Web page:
Dear Newburgh Enlarged City School District residents,
On Tuesday, March 12, 2019, the Board of Education voted to approve two Propositions (Nos. 4 and 5) to be placed on the ballot for our Annual Meeting (School Budget Vote/Board Election), that will be held on Tuesday, May 21, 2019 from 12:00pm – 9:00pm. This is an exciting time for the district!
Our architects have advised that our school buildings are in need of improvement. Many buildings are outdated, having been built in the early to mid-1900s. Some of our classrooms are held in spaces that were not designed for learning. To focus on these issues a steering committee was created which was comprised of community members, teachers, and administrators. The committee met regularly for nearly two years. The plans evolved through nearly 35 iterations with the intent that the final proposal focus on a project that will both positively affect our children while minimizing the financial impact on our community.
Proposition 4 focuses on improvements to the physical structure of all school buildings, renovating educational spaces, the demolition and reconstruction of a 119 year old building section, the construction of a new building to expand the Career and Technical Education opportunities for all of our high school scholars, and more. These improvements are intended to create more efficient learning environments and prepare our students for college and/or their careers.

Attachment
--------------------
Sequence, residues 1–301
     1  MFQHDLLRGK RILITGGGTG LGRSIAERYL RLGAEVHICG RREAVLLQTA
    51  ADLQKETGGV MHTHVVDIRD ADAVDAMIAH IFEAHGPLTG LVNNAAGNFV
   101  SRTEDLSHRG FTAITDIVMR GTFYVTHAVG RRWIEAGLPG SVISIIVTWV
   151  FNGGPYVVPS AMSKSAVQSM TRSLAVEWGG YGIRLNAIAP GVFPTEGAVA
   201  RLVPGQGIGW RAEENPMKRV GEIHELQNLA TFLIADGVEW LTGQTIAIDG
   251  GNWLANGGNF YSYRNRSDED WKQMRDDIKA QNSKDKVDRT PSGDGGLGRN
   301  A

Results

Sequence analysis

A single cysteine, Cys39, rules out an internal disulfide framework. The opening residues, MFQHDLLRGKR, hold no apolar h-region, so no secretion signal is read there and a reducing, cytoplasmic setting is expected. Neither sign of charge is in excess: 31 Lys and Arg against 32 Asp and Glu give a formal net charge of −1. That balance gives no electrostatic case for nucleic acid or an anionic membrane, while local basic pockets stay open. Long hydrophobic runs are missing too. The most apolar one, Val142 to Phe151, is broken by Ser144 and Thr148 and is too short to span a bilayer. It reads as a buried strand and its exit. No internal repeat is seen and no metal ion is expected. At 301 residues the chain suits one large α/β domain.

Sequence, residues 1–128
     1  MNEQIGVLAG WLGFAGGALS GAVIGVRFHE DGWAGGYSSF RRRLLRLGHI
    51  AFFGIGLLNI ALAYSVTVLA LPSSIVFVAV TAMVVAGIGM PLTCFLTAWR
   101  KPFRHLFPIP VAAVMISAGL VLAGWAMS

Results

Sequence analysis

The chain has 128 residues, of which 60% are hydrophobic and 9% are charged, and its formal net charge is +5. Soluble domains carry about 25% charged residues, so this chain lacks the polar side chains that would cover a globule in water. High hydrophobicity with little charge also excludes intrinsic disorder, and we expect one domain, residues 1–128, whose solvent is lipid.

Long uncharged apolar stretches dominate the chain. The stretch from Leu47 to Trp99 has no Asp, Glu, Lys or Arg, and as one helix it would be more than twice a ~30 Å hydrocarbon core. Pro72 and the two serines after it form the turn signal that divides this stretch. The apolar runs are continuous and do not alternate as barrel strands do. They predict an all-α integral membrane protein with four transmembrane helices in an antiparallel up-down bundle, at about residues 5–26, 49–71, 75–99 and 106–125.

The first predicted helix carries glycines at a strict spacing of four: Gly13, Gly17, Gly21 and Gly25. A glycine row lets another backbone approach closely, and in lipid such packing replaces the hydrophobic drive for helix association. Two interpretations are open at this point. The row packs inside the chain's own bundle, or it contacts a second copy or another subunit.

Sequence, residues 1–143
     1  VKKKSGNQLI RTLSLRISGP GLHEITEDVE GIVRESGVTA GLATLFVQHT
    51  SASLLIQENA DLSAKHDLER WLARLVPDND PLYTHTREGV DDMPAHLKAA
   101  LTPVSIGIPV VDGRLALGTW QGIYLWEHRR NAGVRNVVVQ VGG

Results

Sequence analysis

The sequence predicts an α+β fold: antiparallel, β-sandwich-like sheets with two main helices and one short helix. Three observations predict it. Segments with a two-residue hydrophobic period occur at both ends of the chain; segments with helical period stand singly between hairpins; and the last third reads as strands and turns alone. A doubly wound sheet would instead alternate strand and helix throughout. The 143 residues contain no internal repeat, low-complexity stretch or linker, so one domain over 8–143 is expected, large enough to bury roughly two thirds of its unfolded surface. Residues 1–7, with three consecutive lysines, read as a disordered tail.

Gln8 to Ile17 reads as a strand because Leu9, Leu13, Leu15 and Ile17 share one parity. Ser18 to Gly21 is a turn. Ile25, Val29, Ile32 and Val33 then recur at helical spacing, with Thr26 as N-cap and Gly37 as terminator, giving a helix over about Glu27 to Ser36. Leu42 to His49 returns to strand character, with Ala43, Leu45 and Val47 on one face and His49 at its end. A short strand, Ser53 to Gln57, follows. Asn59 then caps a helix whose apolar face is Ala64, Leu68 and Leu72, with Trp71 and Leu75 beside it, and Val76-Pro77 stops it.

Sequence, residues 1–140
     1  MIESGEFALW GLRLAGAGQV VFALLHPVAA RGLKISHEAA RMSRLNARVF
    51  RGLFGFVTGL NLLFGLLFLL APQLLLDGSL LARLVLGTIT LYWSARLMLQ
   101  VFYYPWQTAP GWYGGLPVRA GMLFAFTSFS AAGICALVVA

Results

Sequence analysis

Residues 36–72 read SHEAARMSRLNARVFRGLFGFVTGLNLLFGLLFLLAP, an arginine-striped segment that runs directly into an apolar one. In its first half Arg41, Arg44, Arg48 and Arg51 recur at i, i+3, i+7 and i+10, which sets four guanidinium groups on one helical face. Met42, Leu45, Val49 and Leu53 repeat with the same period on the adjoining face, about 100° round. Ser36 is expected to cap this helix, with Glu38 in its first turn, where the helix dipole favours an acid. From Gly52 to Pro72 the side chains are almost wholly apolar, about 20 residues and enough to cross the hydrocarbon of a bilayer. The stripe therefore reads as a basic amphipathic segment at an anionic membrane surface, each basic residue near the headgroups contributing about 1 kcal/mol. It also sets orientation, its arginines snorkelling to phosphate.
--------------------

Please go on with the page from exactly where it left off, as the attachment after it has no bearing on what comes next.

Proposition 5 addresses air quality and environmental systems/air conditioning in all of our school buildings. A 2006 study titled, “Research Report on Effects of HVAC on Student Performance” showed that improvements in air quality have been shown to provide a healthier, more comfortable, and more efficient learning environment. These improvements would also allow us the opportunity to expand summer programs for our scholars.